Using Polyjuice Potion, Albus, Scorpius, and a character named Delphi solve the riddles, get past the books, and knick the Time-Turner from Hermione’s office. Messing with time is dangerous, but that is a warning Scorpius and Albus didn’t receive—and their well-intentioned fiddling leads to some very dark days. (“Voldemort Day,” for example.)

8. SOME FAN FAVORITES—AND NOT-SO-FAVORITES—MAKE APPEARANCES.

Hagrid, centaur Bane, Dumbledore, Moaning Myrtle, and Umbridge all pop up in Cursed Child, as well as other characters we won’t spoil here.

9. THERE’S SOME PRETTY AMBITIOUS MAGIC IN THE STAGE DIRECTIONS.

Hermione’s bewitched books, for example, reach out, grab, and swallow characters; there are also fiery magical battles and epic on-stage Transfiguration.

10. HARRY POTTER IS AFRAID OF PIGEONS.


iStock

Well, we’re all scared of something.

Pick up your own copy of Harry Potter and the Cursed Child here.

Give Your Morning Coffee a Literary Flair With Mugs Decorated With Quotes From Edgar Allan Poe, the Brontë sisters, and More

In addition to individual author mugs, there are also mugs decorated with famous first and last lines from classic books.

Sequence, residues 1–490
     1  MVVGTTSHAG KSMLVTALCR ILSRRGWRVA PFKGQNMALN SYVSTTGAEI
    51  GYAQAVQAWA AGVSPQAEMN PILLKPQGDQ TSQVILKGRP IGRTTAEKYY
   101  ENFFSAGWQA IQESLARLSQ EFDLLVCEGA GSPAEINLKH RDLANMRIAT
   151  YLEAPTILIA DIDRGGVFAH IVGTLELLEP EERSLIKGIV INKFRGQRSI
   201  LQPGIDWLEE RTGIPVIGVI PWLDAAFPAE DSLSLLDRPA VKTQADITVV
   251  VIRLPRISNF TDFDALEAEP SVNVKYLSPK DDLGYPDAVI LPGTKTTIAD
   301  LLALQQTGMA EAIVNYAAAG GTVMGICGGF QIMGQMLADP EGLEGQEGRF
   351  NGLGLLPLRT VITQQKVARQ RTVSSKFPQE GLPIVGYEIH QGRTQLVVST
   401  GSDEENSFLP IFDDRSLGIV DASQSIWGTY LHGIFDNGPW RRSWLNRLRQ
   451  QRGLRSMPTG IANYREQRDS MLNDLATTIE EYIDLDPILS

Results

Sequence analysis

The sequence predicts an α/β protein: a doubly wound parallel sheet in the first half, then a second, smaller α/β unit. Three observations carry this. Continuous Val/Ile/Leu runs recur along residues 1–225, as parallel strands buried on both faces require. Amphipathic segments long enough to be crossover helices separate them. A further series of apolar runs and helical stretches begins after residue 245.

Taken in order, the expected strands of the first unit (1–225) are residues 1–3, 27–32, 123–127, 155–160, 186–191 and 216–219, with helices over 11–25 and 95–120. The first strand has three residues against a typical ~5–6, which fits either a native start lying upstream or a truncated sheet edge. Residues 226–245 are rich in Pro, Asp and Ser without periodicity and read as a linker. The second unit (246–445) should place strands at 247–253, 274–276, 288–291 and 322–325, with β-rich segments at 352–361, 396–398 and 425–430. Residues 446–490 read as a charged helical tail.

In addition to individual author mugs, there are also mugs decorated with famous first and last lines from classic books.
Unemployed Philosophers Guild/Amazon

Give your coffee (or tea) a little literary flavor with one of these mugs designed by the Unemployed Philosophers Guild. For between $16 and $24, you can purchase a mug that features quotes from Edgar Allan Poe, Mark Twain, Lewis Carroll, Roald Dahl, Kurt Vonnegut, or the Brontë sisters, along with designs inspired by the mood of their works. Dahl's mug, for example, is fittingly whimsical, with illustrations by his longtime visual collaborator Quentin Blake; meanwhile, Poe's dreary, macabre design perfectly sums up that first cup of coffee at the beginning of the work week.

All Unemployed Philosophers Guild mugs are microwavable, and most are dishwasher-safe. Plus, a portion of all proceeds goes to supporting a variety of charitable organizations. If you’re looking for even more bookish drinkware, you can try out a mug featuring famous first or last lines from literature.

Greatest first lines in literature coffee mug.
This mug features the first lines of novels like Catch-22, Gravity's Rainbow, and more.
Unemployed Philosophers Guild/Amazon

If books aren't your thing, don’t worry—the Unemployed Philosophers Guild also sells mugs decorated with mathematical formulas, presidential slogans, and instructions for tying knots.